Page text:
Wednesday, February 13, 2008

6th Mile and the Global Beckham Connection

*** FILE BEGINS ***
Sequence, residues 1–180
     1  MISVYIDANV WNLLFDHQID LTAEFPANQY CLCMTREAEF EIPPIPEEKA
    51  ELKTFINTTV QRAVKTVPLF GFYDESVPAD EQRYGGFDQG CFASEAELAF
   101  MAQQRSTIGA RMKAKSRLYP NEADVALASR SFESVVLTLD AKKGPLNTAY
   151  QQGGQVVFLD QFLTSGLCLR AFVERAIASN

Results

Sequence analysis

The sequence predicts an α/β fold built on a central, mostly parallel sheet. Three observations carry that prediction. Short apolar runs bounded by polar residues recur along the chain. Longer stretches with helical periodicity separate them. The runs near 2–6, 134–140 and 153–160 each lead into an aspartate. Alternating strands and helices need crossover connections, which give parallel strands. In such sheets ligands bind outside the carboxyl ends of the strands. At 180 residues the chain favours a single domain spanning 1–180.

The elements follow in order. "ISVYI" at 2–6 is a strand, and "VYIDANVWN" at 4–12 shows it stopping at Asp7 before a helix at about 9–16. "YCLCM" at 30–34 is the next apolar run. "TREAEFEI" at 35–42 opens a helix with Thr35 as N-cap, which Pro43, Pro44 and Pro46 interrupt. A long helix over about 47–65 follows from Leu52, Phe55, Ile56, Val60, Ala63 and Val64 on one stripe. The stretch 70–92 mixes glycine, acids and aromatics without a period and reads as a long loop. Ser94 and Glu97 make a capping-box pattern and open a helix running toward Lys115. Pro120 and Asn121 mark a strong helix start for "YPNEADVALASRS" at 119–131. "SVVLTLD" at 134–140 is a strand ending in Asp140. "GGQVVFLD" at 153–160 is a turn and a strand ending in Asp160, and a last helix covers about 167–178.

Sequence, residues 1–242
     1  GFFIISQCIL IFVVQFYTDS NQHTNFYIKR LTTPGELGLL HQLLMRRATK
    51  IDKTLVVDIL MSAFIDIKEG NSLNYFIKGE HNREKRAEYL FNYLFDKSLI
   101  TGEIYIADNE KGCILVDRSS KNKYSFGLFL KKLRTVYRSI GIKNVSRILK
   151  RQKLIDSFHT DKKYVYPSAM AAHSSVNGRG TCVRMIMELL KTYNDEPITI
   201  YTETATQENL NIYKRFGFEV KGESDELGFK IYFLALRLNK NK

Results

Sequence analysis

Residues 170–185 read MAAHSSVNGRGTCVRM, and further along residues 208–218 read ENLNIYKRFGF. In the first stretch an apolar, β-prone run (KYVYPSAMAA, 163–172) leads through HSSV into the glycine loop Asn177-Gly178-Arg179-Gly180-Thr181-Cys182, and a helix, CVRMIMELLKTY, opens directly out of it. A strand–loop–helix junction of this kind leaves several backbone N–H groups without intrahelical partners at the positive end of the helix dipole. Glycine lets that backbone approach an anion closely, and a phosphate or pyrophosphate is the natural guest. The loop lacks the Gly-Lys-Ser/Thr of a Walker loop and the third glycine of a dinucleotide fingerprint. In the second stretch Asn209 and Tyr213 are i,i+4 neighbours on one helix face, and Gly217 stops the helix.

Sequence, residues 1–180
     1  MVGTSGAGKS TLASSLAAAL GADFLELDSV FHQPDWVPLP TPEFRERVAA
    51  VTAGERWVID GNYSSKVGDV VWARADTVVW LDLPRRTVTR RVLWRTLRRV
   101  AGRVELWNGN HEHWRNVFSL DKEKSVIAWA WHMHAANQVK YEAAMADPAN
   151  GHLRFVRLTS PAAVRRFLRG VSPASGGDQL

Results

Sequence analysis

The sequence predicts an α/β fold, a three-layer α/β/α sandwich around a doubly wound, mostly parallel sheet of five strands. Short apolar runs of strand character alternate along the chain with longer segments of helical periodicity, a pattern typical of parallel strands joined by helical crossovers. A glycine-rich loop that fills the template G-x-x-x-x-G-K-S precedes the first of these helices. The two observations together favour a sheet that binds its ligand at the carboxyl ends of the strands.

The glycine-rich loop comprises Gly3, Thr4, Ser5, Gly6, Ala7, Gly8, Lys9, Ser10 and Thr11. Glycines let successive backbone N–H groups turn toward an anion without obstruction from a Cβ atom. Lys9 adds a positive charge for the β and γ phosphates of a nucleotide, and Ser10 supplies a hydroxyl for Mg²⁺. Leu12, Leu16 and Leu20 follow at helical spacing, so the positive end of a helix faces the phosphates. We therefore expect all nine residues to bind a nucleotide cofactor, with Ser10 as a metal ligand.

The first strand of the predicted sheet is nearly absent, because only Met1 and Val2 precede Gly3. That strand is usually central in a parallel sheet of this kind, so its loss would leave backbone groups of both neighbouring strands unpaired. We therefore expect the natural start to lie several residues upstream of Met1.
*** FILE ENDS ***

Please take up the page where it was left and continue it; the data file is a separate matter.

We were all gathered around the TV set, myself, Rich, Liza, Neema and his family, watching the latest soccer highlights. The atmosphere in Neema’s sister’s home wasn’t all that different from any informal social gathering back here; we had food, drinks, were talking with the TV on, having a good time in general. The setting, though, betrayed the fact that we were certainly far from home; the walls were made of mud and plaster, the room was not much bigger than a closet. Rich’s head came uncomfortably close to the ceiling and the couch, while functional, was not exactly comfortable. On the walls hung a collection of items, a clock, a portrait of Jesus, a poster of a famous Indian actress as well as one of David Beckham. It would be easy to write a paper just on these objects and their significance. We had chai tea and biscuits, a typical example of the hospitality we were always offered. While the people around Kalimpong were poor, they always offered their best to guests, were polite and went out of their way to make us feel welcome. I found that remarkable, a characteristic that seems beyond the capacity of our own society. We continued to Neema’s home, also small but as with most homes in the area, it was respectable, well-kempt, and had a simple beauty about it. As usual, it was painted a tropical blue and was surrounded by flowers which bloom even in the middle of winter. The inside was clean, comfortable and warm, but as compared to our own standards, sparse. Yet again, on the wall, David Beckham emerged in the form of a collage carefully put together by Neema, the highlight of the room if not the house. Football. Manchester United. David Beckham. The situation very much echoed a National Geographic I had brought along with me which highlighted soccer (football)’s global reach and popularity; I gave Neema the magazine, perhaps the start of a new collage. Today, I think it would be hard to find a celebrity more recognizable and worldwide than Beckham. As the embodiment in many respects of the global sport of soccer, it’s not hard to understand why. Just as During explained that Schwarzenegger’s global popularity was the result of Hollywood’s dominance and action movies’ universal appeal, Beckham’s fame has spread on the heals of the phenomenal growth of the game of soccer itself. Likewise, Manchester United was a popular team among the Ashram boarders; games between Egypt and Cameroon bring the same excitement for them as games between the Red Sox and Yankees do at Colby. David Beckham, Manchester United, and soccer itself exemplify globalization, allowing people of uncommon backgrounds around the world to participate and enjoy a universal sport. While European in origin, I don’t believe the growth in soccer comes at the cost of local culture and practices; rather, soccer at least adds to and is shaped by that culture to the point that today, soccer cannot be claimed by any one culture but is instead shared equally. On the way back from Neema’s house, we once again passed by the soccer field where he regularly plays. To have a soccer field on the side of a mountain presents unique challenges; this field was terraced just like the rice paddies in the surrounding farms, small with steep sides. A runaway ball would certainly fly down the mountainside, presenting an interesting obstacle to play. Other Kalimpong touches were visible; the goals were made of bamboo and prayer flags stood on either end. While still soccer, it was certainly a game played much differently than how I’ve played it here at home, a way that is uniquely Kalimpong. It was dark but we could still see the banner hanging over a road under construction, a project sponsored by one of the Gorkha parties. Earlier Neema had shown me his kukri, a traditional Gorkha knife and a symbol of the Gorkhaland movement. I wondered what his thoughts on the subject were, and I was surprised by the complexity of the situation. As a Sherpa, a clan sometimes the object of discrimination by the Gorkha population, he said that he and his family felt threatened by the movement which, after all, is in many ways a movement intended to promote the goals of a specific ethnic group. Sherpa, Rai, Lepcha, Gorkha, Nepali, Bengali; all groups vying to maintain, protect or extend their identity in the region, a dilemma certainly explored in Chakrabarty’s article. What is this concept of Gorkhaland? Who are the Gorkhas, where do they come from, do they have a history? How at all can this fit into a larger Indian identity? In many ways, Kalimpong felt separated from the rest of India, even from the rest of West Bengal, as if it were in fact another country. The people look different, speak Nepali, and have a totally different culture. Instead of Indian flags waving in the streets fly those of the Gorkhaland Parties; it would be hard to try to construct a larger Indian identity from such patchwork of peoples. Equally difficult, though, is to try to merge all these identities into a single Gorkha one. While the Gorkhaland movement presents a legitimate argument against the ineffective governing abilities of the far removed Kolcutta based government, I never really felt as though either of the Gorkhaland parties presented a realistic alternative or had any concrete plans; the potential racial divisions being drawn made me even more wary. I can only hope the violence and turmoil of the 1980’s movement doesn’t repeat. I sat in the pizza place in town one day with Harsh, the result of us both having a craving for the fatty, cheesy, doughy delight, something outside of the routine white-brown-green-yellow diet. In many ways, the restaurant resembled a pizza place back in the US; cheap tables equipped with parmesan cheese, high school kids hanging out after school, Journey playing in the background. The pizza was good, but different from the pizza back in the US, certainly adapted to the available ingredients and tastes of the people in Kalimpong. In no way did I feel the impending conquest of Westernization or Globalization as some fear; the restaurant was more of a curiosity as Pad Thai is in Waterville, not the start of a subversive shift to pizzas, burgers, and fries and even less the wider acceptance of a single global culture. While the presence of globalization and western culture could be easily found in Kalimpong, from cell phones, Cokes, KitKat bars, knock-off, cheaply made Yankees merchandise to second hand clothing, it never amounts to a real transformation in culture. These things are popular not so much because the people of Kalimpong prefer a western identity to their own, but more because they serve a purpose or fulfill a want; cell phones aid communication, KitKats taste good, and Western style clothing, be it new or second hand, is cheaper and more accessible than traditional clothing. Overall, it felt as though all these influences were simply mixed into the local culture, changing it to some degree, but often for the better. In the end, regardless of what happens in the world of Beckham, Metallica, Schwarzenegger or Kelly Clarkson, the world of Kalimpong – Gompu’s, millet wine, momo’s, kukris, and the “.com” healer – will largely remain as it is, at least for now.